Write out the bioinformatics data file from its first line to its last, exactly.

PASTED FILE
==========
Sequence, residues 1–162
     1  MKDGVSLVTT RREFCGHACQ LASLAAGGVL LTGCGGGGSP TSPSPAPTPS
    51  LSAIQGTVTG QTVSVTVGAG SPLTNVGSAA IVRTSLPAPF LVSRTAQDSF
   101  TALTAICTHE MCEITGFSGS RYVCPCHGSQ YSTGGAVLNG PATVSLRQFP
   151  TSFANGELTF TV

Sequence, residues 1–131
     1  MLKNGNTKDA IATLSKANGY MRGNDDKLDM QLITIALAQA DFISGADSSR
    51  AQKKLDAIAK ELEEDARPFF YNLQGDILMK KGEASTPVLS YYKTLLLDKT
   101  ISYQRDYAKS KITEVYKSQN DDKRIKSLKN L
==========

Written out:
Sequence, residues 1–162
     1  MKDGVSLVTT RREFCGHACQ LASLAAGGVL LTGCGGGGSP TSPSPAPTPS
    51  LSAIQGTVTG QTVSVTVGAG SPLTNVGSAA IVRTSLPAPF LVSRTAQDSF
   101  TALTAICTHE MCEITGFSGS RYVCPCHGSQ YSTGGAVLNG PATVSLRQFP
   151  TSFANGELTF TV

Sequence, residues 1–131
     1  MLKNGNTKDA IATLSKANGY MRGNDDKLDM QLITIALAQA DFISGADSSR
    51  AQKKLDAIAK ELEEDARPFF YNLQGDILMK KGEASTPVLS YYKTLLLDKT
   101  ISYQRDYAKS KITEVYKSQN DDKRIKSLKN L